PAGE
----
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Rally for Rural America launches new push for farm policy overhaul

WASHINGTON, D.C. >> Nearly 20 producers from the Rocky Mountain region fanned out across Capitol Hill to lobby for new farm policies Wednesday, one day after more than 3,000 producers rallied here to draw attention to the nation’s festering farm crisis.

The ranchers and farmers participating in the Rocky Mountain Farmers Union delegation at the rally called on members of Congress to rewrite the current farm bill, to step up enforcement of antitrust laws, and to provide additional support for new producer-owned cooperative enterprises. They noted that the failure of the current policy has forced Congress to provide an additional $14 billion in emergency assistance over the past two years.

“We don’t like coming back here every year asking for money. It’s not good policy, and it’s not sustainable for agriculture. We need a farm policy that supports our commodity prices in the marketplace,” said Tom Lauridson, a Colorado wheat producer who serves as the vice president of the Rocky Mountain Farmers Union.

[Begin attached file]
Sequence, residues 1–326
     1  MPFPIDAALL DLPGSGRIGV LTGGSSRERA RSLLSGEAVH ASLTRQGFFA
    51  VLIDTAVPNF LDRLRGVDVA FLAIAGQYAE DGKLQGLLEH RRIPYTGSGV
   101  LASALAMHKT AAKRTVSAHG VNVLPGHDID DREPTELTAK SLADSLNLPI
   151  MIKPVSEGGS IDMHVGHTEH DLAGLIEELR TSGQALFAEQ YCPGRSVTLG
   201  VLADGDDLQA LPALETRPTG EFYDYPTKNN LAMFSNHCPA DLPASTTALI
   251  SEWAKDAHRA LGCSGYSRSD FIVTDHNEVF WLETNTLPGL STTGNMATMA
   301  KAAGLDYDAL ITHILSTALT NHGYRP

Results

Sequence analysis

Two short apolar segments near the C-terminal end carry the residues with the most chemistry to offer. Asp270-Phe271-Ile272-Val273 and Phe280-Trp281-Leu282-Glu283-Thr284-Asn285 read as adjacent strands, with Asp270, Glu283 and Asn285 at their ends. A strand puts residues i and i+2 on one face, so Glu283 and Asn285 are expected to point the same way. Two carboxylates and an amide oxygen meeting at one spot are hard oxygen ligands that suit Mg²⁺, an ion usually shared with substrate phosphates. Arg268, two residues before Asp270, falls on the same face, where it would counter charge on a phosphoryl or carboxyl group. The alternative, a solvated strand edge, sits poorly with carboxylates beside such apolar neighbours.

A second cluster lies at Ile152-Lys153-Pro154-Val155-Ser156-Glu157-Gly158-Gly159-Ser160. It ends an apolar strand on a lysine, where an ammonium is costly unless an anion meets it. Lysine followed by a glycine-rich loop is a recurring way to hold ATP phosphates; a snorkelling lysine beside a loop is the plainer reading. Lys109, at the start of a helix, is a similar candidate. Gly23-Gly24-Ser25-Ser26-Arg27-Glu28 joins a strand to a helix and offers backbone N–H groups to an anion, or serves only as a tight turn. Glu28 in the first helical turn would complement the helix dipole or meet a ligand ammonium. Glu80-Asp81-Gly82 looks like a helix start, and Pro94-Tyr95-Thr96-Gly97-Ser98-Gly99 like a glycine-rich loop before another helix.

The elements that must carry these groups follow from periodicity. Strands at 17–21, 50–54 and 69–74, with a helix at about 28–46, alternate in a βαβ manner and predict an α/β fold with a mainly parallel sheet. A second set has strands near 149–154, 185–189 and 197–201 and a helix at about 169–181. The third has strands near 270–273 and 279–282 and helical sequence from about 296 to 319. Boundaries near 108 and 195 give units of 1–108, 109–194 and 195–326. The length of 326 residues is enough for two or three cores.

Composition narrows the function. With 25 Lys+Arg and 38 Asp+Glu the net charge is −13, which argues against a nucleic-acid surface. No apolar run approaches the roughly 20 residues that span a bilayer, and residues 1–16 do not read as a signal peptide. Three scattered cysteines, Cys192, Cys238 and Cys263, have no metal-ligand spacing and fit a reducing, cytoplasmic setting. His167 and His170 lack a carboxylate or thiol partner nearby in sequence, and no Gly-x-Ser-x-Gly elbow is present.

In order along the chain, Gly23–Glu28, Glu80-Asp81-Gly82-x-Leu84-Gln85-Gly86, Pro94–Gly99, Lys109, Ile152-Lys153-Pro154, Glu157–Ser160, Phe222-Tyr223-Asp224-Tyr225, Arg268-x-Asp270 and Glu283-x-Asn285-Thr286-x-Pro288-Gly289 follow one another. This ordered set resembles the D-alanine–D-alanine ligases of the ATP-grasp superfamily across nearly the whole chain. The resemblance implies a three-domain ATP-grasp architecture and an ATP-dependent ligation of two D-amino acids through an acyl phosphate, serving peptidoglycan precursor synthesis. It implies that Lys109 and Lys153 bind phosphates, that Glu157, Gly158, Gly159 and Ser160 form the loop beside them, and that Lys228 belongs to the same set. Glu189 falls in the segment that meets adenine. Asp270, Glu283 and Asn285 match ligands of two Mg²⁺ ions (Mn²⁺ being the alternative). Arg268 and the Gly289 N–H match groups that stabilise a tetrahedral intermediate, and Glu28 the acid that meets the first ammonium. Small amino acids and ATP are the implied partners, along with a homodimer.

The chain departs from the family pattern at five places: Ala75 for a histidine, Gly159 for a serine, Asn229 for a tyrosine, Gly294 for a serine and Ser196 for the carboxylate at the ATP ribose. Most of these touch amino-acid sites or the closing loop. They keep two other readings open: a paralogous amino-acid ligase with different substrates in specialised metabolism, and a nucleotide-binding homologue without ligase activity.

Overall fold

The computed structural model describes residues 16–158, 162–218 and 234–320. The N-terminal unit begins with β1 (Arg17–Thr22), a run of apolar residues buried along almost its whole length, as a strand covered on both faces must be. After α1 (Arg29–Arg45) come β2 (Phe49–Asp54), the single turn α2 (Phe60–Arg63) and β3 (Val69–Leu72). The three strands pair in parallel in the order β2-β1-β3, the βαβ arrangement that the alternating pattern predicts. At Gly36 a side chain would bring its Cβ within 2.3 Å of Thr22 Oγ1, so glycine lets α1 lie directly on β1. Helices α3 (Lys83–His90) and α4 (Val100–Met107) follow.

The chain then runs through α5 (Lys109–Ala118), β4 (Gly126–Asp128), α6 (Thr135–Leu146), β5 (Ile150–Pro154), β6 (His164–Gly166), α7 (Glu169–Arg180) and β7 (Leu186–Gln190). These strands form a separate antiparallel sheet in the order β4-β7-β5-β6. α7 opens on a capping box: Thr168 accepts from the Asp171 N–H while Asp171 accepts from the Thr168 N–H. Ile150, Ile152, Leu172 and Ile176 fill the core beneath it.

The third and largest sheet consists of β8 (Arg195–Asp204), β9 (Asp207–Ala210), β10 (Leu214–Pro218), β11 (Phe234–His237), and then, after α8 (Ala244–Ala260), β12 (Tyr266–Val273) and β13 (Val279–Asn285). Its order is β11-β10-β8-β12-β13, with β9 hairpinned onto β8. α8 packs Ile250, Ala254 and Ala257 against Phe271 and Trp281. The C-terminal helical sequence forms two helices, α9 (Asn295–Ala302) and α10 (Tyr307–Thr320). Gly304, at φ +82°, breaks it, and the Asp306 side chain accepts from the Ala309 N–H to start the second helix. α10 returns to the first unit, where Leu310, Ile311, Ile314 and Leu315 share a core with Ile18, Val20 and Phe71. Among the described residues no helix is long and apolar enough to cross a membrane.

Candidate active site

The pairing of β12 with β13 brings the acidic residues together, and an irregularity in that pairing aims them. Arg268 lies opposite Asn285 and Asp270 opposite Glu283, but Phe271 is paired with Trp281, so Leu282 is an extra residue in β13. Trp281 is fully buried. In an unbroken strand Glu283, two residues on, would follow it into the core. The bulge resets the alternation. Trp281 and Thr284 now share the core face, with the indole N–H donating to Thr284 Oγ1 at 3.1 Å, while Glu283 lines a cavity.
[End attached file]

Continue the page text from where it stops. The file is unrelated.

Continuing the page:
Jim Brophy, a diversified producer from Yuma, Colo., added, “I’ve been in the farming business for 50 years, and I’ve never seen commodity prices so low. Surely, we can do better.”

A better farm policy was the theme that penetrated most of the speeches at Tuesday’s Rally for Rural America, organized by the National Farmers Union and 30 other agricultural, religious and labor organizations.

Sen. Paul Wellstone, D-MN, a prime force behind the rally, drew a boisterous response when he told the 3,000 rally participants, “We are not going to stop fighting until there is justice for rural America. That’s why we are here!”

Sen. Wellstone noted, “Farmers cannot afford to wait any longer. It is past time to rewrite the farm bill. If we put this off any longer, it will be too late for rural America.”

U.S. Sen. Tom Harkin, D-IA, added, “We’ve got to take this 1996 Farm Bill and toss it onto the junk pile of history, where it belongs.”

Agricultural producers from the Rocky Mountain region noted that the farm bill promised to provide agricultural producers with an opportunity to compete in the marketplace. That marketplace has rapidly disappeared as a handful of large agribusiness corporations now dominate the input, processing and retailing industry.

Fred Macy, a Pine Bluffs, Wyo., livestock producer noted, “One report came out recently that documented that independent producers were receiving less for their animals than were producers dealing on contracts with the big packing companies. Yet, they tell us that there is no price discrimination in the marketplace. That’s nuts.”

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